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Facade Design Patter

This article provides a brief introduction to Facade Design Patterns.  Facade Design pattern provides an easy to use interface to an otherwise complicated collection of interfaces or subsystems.  It makes things easier by hiding the details of the implementation.

When designing good programs, programmers usually attempt to avoid excess coupling between module/classes.  Using this pattern helps to simplify much of the interfacing that makes large amounts of coupling complex to use and difficult to understand.

In a nutshell, this is accomplished by creating a small collection of classes that have a single class (Facade) that is used to access them.

The facade pattern is an object-oriented design pattern.  A facade is an object that provides a simplified interface to a larger body of code, such as a class library.  A facade can accomplish all of the following.

  • It can make a software library easier to use and understand since the facade has convenient methods for common tasks.
  • It makes code that uses the library more readable for the same reason.
  • It can reduce dependencies of outside code on the inner workings of a library since most code uses the facade.  This allows for more flexibility in developing the system.
  • It can wrap a poorly designed collection of APIs with a single well-designed API.

Class Diagram

ClassDiagram2

Code in C#

This structural code demonstrates the Facade pattern which provides a simplified and uniform interface to a large subsystem of classes.

// Facade pattern -- Structural example  


using System;



namespace GangOfFour.Facade.Structural
{

    /// <summary>

    /// MainApp startup class for Structural

    /// Facade Design Pattern.

    /// </summary>

    class MainApp
    {

        /// <summary>

        /// Entry point into console application.

        /// </summary>

        public static void Main()
        {

            Facade facade = new Facade();



            facade.MethodA();

            facade.MethodB();



            // Wait for user

            Console.ReadKey();

        }

    }



    /// <summary>

    /// The 'Subsystem ClassA' class

    /// </summary>

    class SubSystemOne
    {

        public void MethodOne()
        {

            Console.WriteLine(" SubSystemOne Method");

        }

    }



    /// <summary>

    /// The 'Subsystem ClassB' class

    /// </summary>

    class SubSystemTwo
    {

        public void MethodTwo()
        {

            Console.WriteLine(" SubSystemTwo Method");

        }

    }



    /// <summary>

    /// The 'Subsystem ClassC' class

    /// </summary>

    class SubSystemThree
    {

        public void MethodThree()
        {

            Console.WriteLine(" SubSystemThree Method");

        }

    }



    /// <summary>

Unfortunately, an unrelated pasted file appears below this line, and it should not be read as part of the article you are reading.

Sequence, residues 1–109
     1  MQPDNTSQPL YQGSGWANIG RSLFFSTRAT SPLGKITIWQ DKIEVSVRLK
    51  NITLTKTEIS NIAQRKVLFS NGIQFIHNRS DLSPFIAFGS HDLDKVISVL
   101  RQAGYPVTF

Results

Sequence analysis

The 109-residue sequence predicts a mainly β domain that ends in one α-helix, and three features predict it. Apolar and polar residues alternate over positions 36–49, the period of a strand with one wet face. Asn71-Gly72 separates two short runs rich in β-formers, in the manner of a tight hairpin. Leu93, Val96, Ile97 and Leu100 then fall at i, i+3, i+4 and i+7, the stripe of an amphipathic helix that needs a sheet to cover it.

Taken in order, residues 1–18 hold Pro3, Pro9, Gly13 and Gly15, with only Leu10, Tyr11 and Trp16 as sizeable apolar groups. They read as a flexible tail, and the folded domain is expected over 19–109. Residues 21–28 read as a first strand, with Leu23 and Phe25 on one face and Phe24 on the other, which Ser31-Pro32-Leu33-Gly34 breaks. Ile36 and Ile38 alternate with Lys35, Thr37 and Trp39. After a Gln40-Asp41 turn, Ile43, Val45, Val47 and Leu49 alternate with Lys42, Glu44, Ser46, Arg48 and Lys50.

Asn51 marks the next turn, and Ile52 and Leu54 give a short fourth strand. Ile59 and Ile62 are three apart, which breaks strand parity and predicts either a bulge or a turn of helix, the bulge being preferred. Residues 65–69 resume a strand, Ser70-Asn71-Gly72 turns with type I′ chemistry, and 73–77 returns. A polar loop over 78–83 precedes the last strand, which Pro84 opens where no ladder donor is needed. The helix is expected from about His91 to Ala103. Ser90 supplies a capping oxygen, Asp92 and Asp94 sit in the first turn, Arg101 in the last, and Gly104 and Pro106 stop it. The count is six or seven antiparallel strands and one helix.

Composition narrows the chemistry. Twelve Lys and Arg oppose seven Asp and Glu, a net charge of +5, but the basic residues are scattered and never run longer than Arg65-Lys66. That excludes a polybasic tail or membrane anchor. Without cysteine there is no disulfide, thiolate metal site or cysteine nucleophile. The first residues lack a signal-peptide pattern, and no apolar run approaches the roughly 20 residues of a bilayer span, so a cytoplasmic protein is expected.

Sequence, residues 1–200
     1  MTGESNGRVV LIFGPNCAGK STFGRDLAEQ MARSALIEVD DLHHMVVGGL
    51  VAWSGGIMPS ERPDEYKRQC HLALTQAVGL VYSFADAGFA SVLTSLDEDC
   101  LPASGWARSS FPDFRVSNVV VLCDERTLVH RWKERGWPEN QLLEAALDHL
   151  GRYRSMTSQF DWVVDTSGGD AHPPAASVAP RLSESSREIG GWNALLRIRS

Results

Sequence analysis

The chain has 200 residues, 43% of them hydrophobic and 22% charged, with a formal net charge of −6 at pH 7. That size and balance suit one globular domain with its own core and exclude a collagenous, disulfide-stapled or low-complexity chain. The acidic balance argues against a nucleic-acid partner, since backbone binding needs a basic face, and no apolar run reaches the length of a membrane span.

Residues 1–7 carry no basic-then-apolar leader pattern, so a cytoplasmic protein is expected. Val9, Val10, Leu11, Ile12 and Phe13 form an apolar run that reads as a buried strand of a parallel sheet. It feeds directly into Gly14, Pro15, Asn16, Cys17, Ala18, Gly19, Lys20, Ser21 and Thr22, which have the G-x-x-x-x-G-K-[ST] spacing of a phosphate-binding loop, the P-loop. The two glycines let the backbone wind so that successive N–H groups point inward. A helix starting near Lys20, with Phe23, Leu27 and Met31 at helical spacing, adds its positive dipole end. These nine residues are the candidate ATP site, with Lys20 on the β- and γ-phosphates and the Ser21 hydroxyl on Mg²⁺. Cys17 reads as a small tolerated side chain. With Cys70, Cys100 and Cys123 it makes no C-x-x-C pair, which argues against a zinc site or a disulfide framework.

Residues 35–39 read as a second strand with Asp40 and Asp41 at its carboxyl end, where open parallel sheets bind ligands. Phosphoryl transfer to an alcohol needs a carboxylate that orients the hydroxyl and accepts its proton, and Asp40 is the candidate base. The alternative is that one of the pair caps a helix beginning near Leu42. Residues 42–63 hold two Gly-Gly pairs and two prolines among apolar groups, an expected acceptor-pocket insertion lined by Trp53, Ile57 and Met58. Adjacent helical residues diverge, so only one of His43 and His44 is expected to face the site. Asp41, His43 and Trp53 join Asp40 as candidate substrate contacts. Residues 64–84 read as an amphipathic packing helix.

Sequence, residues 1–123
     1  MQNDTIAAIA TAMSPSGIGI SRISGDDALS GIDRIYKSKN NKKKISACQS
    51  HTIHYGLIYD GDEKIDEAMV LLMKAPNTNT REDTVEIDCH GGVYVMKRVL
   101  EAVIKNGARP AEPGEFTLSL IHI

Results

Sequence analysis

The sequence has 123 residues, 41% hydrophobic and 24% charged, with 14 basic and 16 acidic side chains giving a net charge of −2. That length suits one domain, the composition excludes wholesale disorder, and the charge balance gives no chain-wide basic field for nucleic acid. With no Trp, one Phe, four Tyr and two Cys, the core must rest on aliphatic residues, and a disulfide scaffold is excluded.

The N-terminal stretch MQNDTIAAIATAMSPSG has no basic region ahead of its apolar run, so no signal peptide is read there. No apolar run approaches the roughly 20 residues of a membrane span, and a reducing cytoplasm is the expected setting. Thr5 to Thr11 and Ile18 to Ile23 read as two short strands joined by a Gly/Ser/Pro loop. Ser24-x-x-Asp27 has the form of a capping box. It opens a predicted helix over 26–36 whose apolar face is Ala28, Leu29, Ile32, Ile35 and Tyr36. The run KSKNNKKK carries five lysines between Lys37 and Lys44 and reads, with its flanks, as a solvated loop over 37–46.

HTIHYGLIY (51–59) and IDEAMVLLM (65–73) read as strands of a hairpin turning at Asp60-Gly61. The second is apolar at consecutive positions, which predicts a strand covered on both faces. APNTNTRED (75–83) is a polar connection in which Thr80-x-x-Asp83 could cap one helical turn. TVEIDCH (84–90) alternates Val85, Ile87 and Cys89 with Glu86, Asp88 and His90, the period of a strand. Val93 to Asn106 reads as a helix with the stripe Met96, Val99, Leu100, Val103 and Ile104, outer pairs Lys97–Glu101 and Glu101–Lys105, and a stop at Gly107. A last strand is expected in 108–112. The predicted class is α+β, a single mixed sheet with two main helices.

/// The 'Subsystem ClassD' class

    /// </summary>

    class SubSystemFour
    {

        public void MethodFour()
        {

            Console.WriteLine(" SubSystemFour Method");

        }

    }



    /// <summary>

    /// The 'Facade' class

    /// </summary>

    class Facade
    {

        private SubSystemOne _one;

        private SubSystemTwo _two;

        private SubSystemThree _three;

        private SubSystemFour _four;



        public Facade()
        {

            _one = new SubSystemOne();

            _two = new SubSystemTwo();

            _three = new SubSystemThree();

            _four = new SubSystemFour();

        }



        public void MethodA()
        {

            Console.WriteLine("
MethodA() ---- ");

            _one.MethodOne();

            _two.MethodTwo();

            _four.MethodFour();

        }



        public void MethodB()
        {

            Console.WriteLine("
MethodB() ---- ");

            _two.MethodTwo();

            _three.MethodThree();

        }

    }

}

Conclusion

Thus, Facade is a design pattern that hides the details and complexities of the lower-level software services for which it is written, making the service easier to use.  In fact, the lower-level classes need not be classes at all; they can be an API in the form of a code library or a Web service.

A Facade also provides a unified entry point into the layers of the software.  This reduces the applicatio’s dependency on the software service details and allows the Facade to hide future changes in the software service itself.

References:

http://www.dofactory.com/patterns/patternfacade.aspx

http://aspalliance.com/970_Facade_Design_Pattern.4

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Deepak Kamboj

Deepak Kamboj is a Solution Architect and Technology Enthusiast, located at Redmond, WA, having 14+ years of hands on experience in the IT industry.

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